Characteristics of Bangladeshi Tigers- The Royal Bengal Tiger
The tiger is one of the largest and most awesome predators in the Bangladesh. This species undoubtedly fascinates every eye it meets. The body length of the majestic male ranges from 275-290 cm and of the female around 260 cm, the size and colour vary according to the geographic location and climate of Sundarban in Bangladesh. Tiger is solitary and territorial and the territory of an adult male may encompass territories of two to seven females. It is carnivorous and hunts for prey primarily by sight and sound. Bangladeshi, Royal Bengal Tigers feeds deer wild pig and sometimes hunting others animal. Tigers are the largest members of the cat family in Bangladesh and are renowned for their power and strength. Royal Bengal tigers live in Bangladesh and are sometimes called Bangladeshi tigers. They are the most common tiger and number about half of all wild tigers. Over many centuries they have become an important part of Bangladesh tradition and lore. Bangladeshi Tigers are mostly solitary, apart from mother-offspring associations. However, individuals living close to one another may display sociable behaviour and at times, adults may even share a kill. Bangladeshi Tigers have dens in caves, tree hollows and dense vegetation. They are mostly nocturnal but in the northern part of its range, the Amur subspecies may also be active during the day in winter. Individual tigers have a large territory. Unless they die, Bangladeshi tigers are never replaced on their range.
Despite their fearsome reputation, most tigers avoid humans; however, a few do become dangerous maneaters. These animals are often sick and unable to hunt normally, or live in an area where their traditional prey has vanished. Females Bangladeshi Tiger give birth to litters of two to six cubs, which they raise with little or no help from the male. Cubs cannot hunt until they are 18 months old and remain with their mothers for two to three years, when they disperse to find their own territory. There were eight tiger subspecies at one time, but three became extinct during the 20th century. Over the last 100 years, hunting and forest destruction have reduced tiger populations from hundreds of thousands of animals to perhaps fewer than 2,500. Tigers are hunted as trophies, and also for body parts that are used in traditional Chinese medicine. All five remaining tiger subspecies are endangered, and many protection programs are in place. Although Bangladeshi tigers can mate at any time, breeding is more frequent from November to April. On average, Bangladeshi tigers give birth to 2-3 cubs every 2-2.5 years, and sometimes every 3-4 years. If all the cubs die, a second litter may be produced within 5 months. Gestation is usually 104-106 days and births occur in a cave, a rocky crevice, or in dense vegetation. Tigers generally gain independence at 2 years of age and attain sexual maturity at 3-4 years for females and at 4-5 years for males. Juvenile mortality is high however: about half of all cubs do not survive more than 2 years. Tigers have been known to reach the age of 26 years in the wild.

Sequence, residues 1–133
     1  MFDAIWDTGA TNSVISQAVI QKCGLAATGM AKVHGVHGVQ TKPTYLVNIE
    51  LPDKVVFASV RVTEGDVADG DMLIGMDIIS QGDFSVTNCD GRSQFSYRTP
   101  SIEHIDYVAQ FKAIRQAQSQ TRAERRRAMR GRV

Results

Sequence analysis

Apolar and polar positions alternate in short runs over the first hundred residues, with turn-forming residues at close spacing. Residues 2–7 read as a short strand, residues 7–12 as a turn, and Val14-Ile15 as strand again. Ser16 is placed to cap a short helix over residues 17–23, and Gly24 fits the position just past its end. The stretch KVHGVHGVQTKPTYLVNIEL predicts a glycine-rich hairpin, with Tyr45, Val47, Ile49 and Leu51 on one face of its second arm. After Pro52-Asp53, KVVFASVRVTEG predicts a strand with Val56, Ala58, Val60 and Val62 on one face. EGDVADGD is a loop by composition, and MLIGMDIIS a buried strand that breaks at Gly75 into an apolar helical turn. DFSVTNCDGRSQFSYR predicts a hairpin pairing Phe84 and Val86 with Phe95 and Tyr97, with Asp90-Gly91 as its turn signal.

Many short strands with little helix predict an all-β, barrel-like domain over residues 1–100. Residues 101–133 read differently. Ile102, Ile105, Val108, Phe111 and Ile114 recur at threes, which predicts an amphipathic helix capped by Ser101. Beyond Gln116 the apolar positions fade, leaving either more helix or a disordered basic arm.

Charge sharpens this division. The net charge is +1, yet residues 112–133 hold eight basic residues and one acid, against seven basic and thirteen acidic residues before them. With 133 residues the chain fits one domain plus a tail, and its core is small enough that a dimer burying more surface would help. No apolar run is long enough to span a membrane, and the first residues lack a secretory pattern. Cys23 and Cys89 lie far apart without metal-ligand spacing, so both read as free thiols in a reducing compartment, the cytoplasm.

Tigers in Bangladesh- are now relegated to the forests of the Sundarbans and the Chittagong Hill Tracts. The Chittagong forest is contiguous with tiger habitat in India and Myanmar, but the tiger population is of unknown status. As of 2004, population estimates in Bangladesh ranged from 200 to 419, mostly in the Sundarbans. This region is the only mangrove habitat in this bioregion, where tigers survive, swimming between islands in the delta to hunt prey. Bangladesh's Forest Department is raising mangrove plantations supplying forage for spotted deer. Since 2001, afforestation has continued on a small scale in newly accreted lands and islands of the Sundarbans. From October 2005 to January 2007, the first camera-trap survey was conducted across six sites in the Bangladesh Sundarbans to estimate tiger population density. The average of these six sites provided an estimate of 3.7 tigers per 100 km2 (39 sq mi). Since the Bangladesh Sundarbans is an area of 5,770 km2 (2,230 sq mi) it was inferred that the total tiger population comprised approximately 200 individuals. In another study, home ranges of adult female tigers were recorded comprising between 12 and 14 km2 (4.6 and 5.4 sq mi). which would indicate an approximate carrying capacity of 150 adult females. The small home range of adult female tigers (and consequent high density of tigers) in this habitat type relative to other areas may be related to both the high density of prey and the small size of the Sundarbans tigers. Since 2007 tiger monitoring surveys have been carried out every year by WildTeam in the Bangladesh Sundarbans to monitor changes in the Bangladesh tiger population and assess the effectiveness of conservation actions. This survey measures changes in the frequency of tiger track sets along the sides of tidal waterways as an index of relative tiger abundance across the Sundarbans landscape.